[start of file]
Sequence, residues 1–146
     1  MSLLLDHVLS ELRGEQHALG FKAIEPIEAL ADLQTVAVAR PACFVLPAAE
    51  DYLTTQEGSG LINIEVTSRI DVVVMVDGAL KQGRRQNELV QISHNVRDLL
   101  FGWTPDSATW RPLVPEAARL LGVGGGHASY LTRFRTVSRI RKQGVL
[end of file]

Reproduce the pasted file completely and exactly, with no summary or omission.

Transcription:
Sequence, residues 1–146
     1  MSLLLDHVLS ELRGEQHALG FKAIEPIEAL ADLQTVAVAR PACFVLPAAE
    51  DYLTTQEGSG LINIEVTSRI DVVVMVDGAL KQGRRQNELV QISHNVRDLL
   101  FGWTPDSATW RPLVPEAARL LGVGGGHASY LTRFRTVSRI RKQGVL